Ultrasound examination predicts 6‐month progression in carpal tunnel syndrome patients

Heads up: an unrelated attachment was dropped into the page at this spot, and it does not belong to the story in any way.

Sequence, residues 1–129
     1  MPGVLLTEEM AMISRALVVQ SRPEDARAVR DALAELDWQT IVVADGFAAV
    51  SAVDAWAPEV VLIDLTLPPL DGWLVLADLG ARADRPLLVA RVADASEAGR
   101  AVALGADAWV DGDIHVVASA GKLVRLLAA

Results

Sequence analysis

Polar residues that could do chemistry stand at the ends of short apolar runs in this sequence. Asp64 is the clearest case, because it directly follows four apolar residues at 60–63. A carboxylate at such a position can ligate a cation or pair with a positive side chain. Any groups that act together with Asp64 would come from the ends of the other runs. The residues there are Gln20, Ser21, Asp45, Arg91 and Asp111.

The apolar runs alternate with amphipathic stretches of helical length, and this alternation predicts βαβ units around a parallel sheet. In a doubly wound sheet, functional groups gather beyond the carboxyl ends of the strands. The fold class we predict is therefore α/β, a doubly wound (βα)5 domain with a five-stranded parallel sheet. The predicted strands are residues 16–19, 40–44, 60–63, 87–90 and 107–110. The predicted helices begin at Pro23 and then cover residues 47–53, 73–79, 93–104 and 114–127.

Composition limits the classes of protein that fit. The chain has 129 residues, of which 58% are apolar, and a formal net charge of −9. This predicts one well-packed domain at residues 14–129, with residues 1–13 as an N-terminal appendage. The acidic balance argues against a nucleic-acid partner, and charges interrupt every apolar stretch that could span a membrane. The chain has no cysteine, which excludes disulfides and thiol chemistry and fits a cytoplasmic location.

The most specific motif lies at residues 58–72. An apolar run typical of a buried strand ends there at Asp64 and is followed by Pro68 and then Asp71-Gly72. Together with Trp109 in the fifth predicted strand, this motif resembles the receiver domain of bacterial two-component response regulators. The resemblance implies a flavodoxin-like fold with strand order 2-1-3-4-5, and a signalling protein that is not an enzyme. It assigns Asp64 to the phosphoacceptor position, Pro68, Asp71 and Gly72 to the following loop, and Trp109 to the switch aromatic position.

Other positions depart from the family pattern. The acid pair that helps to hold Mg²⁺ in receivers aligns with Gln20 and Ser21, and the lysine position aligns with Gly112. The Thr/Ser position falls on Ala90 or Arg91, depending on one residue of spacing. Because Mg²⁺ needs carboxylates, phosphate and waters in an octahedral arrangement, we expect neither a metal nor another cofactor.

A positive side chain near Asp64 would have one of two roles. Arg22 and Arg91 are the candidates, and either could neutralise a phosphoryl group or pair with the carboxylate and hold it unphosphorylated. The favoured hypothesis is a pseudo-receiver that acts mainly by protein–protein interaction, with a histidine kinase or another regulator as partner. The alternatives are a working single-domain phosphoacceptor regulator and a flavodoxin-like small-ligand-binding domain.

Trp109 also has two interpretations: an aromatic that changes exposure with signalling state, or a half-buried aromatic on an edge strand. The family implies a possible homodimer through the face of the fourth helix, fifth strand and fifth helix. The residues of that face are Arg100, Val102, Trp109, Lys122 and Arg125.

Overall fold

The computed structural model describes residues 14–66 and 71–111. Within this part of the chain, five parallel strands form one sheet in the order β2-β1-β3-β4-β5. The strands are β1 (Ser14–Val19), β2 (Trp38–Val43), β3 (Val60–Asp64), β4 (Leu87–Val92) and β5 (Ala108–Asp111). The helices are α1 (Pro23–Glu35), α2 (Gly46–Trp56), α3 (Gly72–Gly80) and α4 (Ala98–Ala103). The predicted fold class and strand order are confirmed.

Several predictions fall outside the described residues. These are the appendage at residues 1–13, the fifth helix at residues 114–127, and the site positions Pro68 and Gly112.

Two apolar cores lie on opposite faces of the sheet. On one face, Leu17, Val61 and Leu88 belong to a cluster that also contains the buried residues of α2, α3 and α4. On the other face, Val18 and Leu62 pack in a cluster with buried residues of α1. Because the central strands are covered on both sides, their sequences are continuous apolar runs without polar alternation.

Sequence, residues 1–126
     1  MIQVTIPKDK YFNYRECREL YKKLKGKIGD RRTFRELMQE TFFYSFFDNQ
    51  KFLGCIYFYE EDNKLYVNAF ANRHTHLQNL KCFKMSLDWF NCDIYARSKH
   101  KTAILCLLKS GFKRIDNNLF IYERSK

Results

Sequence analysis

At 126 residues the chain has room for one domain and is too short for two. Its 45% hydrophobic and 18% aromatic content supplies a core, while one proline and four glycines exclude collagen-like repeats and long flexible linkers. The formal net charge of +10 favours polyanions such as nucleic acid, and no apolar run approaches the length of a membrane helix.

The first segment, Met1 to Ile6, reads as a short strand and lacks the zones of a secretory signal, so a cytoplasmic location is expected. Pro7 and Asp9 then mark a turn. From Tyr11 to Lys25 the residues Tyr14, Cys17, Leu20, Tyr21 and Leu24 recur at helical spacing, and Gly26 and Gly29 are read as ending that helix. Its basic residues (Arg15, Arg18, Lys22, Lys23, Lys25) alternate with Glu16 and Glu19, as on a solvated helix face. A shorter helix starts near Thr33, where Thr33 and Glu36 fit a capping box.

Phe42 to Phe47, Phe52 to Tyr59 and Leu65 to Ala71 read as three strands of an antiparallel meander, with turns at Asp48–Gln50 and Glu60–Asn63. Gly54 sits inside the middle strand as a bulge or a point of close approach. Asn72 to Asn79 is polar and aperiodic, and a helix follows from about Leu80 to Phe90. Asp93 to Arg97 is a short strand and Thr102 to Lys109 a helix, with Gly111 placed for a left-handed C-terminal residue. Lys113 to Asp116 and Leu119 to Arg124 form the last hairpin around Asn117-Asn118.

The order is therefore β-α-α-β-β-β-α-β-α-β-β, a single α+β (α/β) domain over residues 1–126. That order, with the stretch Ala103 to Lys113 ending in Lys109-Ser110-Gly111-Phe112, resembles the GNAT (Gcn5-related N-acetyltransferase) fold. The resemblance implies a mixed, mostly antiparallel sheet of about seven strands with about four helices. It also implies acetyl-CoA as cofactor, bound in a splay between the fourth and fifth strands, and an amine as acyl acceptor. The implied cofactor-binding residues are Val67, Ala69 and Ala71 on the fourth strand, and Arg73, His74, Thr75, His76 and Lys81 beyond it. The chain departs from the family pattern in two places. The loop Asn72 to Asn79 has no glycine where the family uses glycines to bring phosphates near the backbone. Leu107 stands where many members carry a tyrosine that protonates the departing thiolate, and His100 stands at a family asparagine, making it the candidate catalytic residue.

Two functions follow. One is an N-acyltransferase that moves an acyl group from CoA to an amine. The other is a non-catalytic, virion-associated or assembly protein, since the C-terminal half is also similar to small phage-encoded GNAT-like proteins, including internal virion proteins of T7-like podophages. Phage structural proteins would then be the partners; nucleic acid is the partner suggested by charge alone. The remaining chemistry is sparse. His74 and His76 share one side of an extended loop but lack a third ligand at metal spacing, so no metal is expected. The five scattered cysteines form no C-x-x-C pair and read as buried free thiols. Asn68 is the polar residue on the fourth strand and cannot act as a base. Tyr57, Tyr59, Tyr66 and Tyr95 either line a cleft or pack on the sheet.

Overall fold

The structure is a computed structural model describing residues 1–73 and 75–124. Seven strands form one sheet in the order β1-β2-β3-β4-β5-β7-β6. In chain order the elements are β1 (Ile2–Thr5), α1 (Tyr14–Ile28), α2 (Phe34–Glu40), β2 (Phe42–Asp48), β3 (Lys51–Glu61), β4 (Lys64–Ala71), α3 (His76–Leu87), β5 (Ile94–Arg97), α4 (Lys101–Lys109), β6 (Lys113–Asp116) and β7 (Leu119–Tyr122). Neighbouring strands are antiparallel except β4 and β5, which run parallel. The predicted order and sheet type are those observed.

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Carpal tunnel syndrome (CTS) is a peripheral neuropathy resulting from chronic median nerve compression. Chronic compression leads to neurological changes that are quantified through nerve conduction studies (NCS). Although NCS represents the gold standard in CTS assessment, they provide limited prognostic value. Several studies have identified ultrasound as a tool in diagnosing and potentially predicting the progression of CTS in patients. The purpose of this study was to evaluate the predictive value of ultrasound examination in CTS patients. Twenty patients recruited at their first visit with the neurologist completed two NCS and ultrasound examinations approximately 6 months apart. Ultrasound examination consisted of B-mode, pulse-wave Doppler and colour Doppler ultrasound videos and images to quantify median nerve cross-sectional area, intraneural blood flow velocity in three wrist postures (15° flexion, neutral, and 30° extension), and displacement of the flexor digitorum superficialis (FDS) tendon and the adjacent subsynovial connective tissue (SSCT) of the middle finger during repetitive finger flexion-extension cycles. A questionnaire was administered to assess the work-relatedness of CTS. Linear regression analyses revealed that intraneural blood flow velocity (R2 = 0.36, p = .03), assessed in wrist flexion, and relative FDS-SSCT displacement (R2 = 0.27, p = .04) and shear strain index (R2 = 0.28, p = .04) were significant predictors of nerve sensory and motor changes at 6 months. Results suggest the possibility of using a battery of ultrasound measures as viable markers to predict median nerve functional changes within 6 months.
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